Purpose: The incidence and prevalence of urolithiasis are increasing but clinicians also have the impression that gender and age distributions of stone formers are changing. Moreover, regional differences in stone occurrence and composition have been observed. We analyzed such trends based on a large series of urinary stone analyses.
Materials and methods: A total of 224,085 urinary stone analyses from 22 German centers were evaluated to determine the incidence of stone composition and identify age and gender distributions from 1977 to 2006. A subset of 58,682 stone analyses from 1993 to 2006 was available to identify regional differences in stone composition in Germany.
Results: Calcium containing calculi were most common in each gender. The overall male-to-female ratio of 2.4:1 increased from 1977 (1.86:1) to 2006 (2.7:1). The predominance of male calcium stone formers was even higher among elderly patients with a 3.13:1 ratio at ages 60 to 69. Since 1997, we observed a tendency toward an increasing incidence in middle-aged patients at ages 40 to 49 years. While the rate of infection stones constantly decreased, the incidence of uric acid calculi remained stable with an overall rate of 11.7% in males and 7.0% in females with a peak at higher ages. Cystine stones remained rare at 0.4% in males and 0.7% in females. In terms of regional analyses we noted great variation in stone composition in the 2 genders. Uric acid stones were more common in the eastern and southern regions but infection stones were mostly seen in eastern regions.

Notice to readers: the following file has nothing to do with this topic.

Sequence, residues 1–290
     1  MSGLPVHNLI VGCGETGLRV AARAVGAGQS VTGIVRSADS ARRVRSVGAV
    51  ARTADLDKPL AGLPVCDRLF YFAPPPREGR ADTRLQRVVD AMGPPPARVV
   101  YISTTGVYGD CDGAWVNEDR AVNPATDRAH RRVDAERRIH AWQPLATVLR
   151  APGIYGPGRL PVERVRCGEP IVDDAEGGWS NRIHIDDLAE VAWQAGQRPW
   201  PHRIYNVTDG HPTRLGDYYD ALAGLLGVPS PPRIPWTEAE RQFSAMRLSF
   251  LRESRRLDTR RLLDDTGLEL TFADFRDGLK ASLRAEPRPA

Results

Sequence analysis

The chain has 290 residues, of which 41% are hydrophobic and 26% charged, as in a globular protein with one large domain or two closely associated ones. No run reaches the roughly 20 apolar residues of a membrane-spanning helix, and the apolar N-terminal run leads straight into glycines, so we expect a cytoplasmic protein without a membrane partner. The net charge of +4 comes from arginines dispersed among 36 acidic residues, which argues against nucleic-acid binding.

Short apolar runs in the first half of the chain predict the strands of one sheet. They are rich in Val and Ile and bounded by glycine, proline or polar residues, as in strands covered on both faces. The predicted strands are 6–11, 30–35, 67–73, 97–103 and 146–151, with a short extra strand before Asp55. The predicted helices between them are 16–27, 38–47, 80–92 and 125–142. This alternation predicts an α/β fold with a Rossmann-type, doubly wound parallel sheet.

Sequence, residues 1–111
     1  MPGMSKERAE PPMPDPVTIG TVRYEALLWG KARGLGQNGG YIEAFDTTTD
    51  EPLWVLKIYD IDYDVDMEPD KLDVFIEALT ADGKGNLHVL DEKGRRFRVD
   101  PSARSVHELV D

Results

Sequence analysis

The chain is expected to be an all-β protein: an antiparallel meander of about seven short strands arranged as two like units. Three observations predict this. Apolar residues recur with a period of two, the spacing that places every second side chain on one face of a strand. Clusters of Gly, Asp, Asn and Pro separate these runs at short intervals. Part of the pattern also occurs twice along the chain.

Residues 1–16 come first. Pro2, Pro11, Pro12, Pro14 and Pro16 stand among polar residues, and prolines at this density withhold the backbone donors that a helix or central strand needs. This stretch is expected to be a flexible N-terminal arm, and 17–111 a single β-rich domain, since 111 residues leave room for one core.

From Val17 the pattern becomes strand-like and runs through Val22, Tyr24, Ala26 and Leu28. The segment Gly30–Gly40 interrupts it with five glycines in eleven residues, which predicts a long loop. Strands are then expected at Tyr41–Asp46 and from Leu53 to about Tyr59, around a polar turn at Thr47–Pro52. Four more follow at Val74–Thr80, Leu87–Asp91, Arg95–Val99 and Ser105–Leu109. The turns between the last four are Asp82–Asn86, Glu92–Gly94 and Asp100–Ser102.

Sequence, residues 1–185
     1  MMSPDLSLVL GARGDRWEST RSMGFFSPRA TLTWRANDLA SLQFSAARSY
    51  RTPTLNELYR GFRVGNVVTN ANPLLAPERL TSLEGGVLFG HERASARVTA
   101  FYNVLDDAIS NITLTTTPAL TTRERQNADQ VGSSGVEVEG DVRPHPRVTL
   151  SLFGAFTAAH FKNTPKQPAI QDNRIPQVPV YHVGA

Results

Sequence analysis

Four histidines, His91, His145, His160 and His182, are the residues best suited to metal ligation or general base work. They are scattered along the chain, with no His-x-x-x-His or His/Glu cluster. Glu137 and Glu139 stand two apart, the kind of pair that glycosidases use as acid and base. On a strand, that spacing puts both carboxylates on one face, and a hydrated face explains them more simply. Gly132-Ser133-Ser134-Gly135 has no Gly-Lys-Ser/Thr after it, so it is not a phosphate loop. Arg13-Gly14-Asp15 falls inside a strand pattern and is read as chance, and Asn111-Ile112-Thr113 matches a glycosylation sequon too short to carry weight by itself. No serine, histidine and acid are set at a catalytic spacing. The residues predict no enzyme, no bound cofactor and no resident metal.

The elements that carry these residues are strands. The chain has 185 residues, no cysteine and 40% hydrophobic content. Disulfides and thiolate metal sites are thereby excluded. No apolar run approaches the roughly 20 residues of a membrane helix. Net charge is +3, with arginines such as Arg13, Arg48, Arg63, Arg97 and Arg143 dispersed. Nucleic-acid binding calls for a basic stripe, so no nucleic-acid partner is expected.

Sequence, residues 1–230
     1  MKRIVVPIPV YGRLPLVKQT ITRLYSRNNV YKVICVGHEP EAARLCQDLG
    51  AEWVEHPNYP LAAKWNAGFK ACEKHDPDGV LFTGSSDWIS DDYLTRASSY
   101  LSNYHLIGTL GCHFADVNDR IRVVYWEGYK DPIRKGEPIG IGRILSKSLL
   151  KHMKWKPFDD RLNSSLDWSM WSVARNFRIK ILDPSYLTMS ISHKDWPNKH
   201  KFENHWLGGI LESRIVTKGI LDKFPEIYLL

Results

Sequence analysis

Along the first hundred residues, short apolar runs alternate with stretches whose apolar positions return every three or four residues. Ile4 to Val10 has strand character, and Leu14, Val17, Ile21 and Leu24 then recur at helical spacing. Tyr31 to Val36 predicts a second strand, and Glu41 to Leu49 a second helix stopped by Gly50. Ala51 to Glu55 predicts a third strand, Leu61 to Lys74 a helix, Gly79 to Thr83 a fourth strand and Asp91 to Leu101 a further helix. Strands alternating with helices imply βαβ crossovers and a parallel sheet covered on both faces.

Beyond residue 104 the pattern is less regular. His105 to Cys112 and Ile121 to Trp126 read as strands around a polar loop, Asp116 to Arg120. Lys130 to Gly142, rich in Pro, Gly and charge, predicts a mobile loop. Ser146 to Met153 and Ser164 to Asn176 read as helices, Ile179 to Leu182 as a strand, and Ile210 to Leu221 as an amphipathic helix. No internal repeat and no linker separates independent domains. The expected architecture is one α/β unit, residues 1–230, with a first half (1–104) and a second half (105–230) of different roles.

Conclusions: In what is to our knowledge the largest series of stone analysis reported to date we identified an age and gender relationship of stone formation and composition. Regional variations are common and underline the influence of living habits, diet and standard of medical care on urinary stone formation.
Copyright © 2011 American Urological Association Education and Research, Inc. Published by Elsevier Inc. All rights reserved.